Bullying expats about offshore tax planning is in the media spotlight as many ordinary folk struggle to get past on earn shrinking against inflation.
Managing your wealth is not wrong – the law says you can as long as you don’t commit a crime by evading tax.
The big issue is not what expats do with their money to minimise the amount of tax they pay, but the artificial schemes and sometimes downright lies people who still live in Britain tell to try to save paying what they owe.
Tax management is not only about paying less tax, but sensible planning is about making sure you do not pay too much tax when your finances stretch across two or more countries that may be on separate continents.
Looking after your money is also about making sure savings and investments are performing at their peak.
Plenty of wealthy expats do not claim credits, reliefs and allowances to which they are rightly entitled because they do not know they are available, just as thousands of British pensioners and poorer families do not claim the state benefits to which they are entitled.
Somewhere along the line sensible money management for the rich and the poor has become disarticulated. Instead of having people with not enough, enough or more than enough money, we have scroungers and tax dodgers with the rest of are inbetweeners.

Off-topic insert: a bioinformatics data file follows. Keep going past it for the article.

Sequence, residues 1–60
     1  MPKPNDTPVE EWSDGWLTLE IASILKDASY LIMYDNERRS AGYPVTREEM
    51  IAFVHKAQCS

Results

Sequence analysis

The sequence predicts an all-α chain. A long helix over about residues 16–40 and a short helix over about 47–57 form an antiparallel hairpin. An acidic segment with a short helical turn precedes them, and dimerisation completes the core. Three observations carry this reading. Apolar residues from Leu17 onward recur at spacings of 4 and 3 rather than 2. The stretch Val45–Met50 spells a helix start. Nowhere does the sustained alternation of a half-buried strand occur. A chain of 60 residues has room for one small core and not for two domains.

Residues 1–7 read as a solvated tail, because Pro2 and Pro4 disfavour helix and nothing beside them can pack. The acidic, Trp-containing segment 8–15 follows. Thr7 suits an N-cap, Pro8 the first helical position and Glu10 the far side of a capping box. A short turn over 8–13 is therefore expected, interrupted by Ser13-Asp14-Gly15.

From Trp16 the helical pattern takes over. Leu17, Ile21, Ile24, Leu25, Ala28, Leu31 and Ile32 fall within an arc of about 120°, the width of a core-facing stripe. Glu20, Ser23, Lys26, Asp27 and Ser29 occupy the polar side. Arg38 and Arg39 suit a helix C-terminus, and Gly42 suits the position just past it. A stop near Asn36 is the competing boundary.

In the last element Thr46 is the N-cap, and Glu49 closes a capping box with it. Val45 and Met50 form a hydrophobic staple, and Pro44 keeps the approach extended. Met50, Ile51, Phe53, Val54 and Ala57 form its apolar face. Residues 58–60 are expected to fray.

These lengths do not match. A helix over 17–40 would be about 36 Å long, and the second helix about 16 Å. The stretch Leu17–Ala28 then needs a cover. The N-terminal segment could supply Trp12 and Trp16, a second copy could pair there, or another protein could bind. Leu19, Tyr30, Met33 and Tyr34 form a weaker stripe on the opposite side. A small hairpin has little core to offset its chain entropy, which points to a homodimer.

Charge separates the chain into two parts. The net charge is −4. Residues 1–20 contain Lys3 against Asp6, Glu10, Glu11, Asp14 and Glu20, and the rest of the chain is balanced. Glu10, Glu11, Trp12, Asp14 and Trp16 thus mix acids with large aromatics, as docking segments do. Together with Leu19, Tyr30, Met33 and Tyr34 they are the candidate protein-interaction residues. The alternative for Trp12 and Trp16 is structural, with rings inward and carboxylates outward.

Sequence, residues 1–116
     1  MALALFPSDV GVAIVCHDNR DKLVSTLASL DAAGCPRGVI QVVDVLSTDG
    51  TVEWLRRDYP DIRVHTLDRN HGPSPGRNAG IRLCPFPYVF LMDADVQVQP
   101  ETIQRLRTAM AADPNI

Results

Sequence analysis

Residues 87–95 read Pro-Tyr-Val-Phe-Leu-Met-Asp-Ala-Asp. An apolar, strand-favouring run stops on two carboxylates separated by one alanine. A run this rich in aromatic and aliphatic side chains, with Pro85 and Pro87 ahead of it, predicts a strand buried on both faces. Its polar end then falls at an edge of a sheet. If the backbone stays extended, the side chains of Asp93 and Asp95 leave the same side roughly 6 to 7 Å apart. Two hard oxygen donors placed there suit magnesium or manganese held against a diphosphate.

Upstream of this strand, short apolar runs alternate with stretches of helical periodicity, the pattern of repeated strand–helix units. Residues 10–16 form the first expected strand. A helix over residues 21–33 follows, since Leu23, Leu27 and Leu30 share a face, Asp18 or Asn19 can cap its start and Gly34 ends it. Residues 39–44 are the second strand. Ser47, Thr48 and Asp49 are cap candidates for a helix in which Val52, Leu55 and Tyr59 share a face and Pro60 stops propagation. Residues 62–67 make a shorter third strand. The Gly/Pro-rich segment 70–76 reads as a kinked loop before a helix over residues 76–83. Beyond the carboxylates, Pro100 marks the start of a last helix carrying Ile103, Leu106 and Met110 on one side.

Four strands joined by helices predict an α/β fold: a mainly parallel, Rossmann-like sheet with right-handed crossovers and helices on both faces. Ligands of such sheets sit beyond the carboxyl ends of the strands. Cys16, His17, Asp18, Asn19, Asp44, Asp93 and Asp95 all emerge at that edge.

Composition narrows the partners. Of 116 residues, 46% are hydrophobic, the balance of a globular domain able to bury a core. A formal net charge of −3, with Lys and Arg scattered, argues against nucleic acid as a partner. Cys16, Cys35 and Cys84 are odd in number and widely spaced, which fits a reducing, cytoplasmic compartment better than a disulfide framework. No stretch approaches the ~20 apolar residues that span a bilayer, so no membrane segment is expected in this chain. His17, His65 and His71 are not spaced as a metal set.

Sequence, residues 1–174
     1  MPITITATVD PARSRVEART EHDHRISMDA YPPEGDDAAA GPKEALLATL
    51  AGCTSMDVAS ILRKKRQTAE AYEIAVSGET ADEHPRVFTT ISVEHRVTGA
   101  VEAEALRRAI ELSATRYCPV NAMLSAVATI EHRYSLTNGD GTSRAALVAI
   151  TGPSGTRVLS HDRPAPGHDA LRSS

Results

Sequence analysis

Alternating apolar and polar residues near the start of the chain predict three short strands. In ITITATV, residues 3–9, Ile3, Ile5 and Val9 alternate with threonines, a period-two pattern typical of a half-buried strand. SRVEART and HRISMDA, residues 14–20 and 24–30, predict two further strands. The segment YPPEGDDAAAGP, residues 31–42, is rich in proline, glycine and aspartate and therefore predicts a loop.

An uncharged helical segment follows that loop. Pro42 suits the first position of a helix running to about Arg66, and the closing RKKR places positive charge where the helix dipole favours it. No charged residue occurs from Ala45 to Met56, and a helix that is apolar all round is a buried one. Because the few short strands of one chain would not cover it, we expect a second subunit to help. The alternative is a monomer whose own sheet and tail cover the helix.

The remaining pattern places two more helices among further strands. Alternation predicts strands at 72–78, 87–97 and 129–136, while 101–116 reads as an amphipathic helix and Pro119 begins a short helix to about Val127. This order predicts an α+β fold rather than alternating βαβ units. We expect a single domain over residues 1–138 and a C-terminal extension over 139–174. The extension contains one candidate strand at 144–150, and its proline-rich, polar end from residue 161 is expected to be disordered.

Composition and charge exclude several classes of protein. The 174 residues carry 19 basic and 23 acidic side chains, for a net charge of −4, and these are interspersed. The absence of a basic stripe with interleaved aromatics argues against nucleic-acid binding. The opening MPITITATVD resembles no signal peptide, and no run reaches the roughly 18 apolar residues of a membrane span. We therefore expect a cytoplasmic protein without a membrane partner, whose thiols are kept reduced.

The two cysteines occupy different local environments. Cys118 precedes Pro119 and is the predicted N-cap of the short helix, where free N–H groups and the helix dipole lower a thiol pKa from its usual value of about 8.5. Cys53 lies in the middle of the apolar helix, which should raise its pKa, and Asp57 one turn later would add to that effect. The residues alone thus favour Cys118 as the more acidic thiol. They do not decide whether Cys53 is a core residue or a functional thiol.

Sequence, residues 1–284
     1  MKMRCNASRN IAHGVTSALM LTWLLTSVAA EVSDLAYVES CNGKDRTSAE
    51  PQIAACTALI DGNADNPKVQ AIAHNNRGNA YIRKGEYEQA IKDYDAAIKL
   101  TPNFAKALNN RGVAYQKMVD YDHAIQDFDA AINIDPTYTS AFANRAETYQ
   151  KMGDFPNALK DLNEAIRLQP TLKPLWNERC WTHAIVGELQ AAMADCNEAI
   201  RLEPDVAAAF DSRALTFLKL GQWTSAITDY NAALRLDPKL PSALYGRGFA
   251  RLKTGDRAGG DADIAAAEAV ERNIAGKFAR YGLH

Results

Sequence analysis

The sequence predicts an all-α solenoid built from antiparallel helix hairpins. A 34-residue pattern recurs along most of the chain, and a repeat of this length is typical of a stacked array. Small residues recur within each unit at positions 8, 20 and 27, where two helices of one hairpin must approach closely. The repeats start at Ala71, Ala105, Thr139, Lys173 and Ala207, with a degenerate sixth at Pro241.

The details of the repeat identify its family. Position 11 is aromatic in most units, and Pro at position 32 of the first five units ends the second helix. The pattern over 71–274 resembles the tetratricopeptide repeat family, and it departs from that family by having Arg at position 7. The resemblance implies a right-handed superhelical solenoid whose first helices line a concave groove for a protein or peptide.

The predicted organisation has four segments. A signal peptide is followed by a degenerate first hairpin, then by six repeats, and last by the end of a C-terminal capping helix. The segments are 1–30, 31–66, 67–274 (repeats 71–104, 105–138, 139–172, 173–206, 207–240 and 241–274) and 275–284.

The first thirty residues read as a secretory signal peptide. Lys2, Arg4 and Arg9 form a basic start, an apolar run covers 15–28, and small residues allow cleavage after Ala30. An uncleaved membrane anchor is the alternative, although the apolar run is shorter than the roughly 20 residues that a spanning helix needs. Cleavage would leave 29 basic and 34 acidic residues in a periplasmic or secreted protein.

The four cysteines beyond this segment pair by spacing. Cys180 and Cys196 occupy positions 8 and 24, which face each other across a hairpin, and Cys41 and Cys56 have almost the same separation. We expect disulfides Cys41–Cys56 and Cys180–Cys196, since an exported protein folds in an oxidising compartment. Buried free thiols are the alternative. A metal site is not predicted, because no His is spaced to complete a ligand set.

Part of the problem is the complexity of the law. Too many tax laws that govern expats are too complicated for ordinary people to follow, while HM Revenue & Customs seems to have a gotcha culture that springs in to action when someone does something wrong, rather than helping taxpayers do what is right.
Sensible tax planning
Simplifying tax is a process that has been going on for years, but instead of rewriting tax law in plain English, the lawyers should rip the lot up and start again.
The coalition government has a couple more Budgets to give it a go and make a real difference instead of just shuffling the pages and editing a few words.
Taxpayers should hope that Budget 2013 brings some relief, not necessarily in the terms of pounds and pence, which the government cannot afford to offer, but in the onslaught unleashed against them by HMRC.
While everyone applauds the tax man bringing down cheats, dodgers and crooks, tax avoidance is legal and stops sensible people paying too much, not helping rogues pay too little.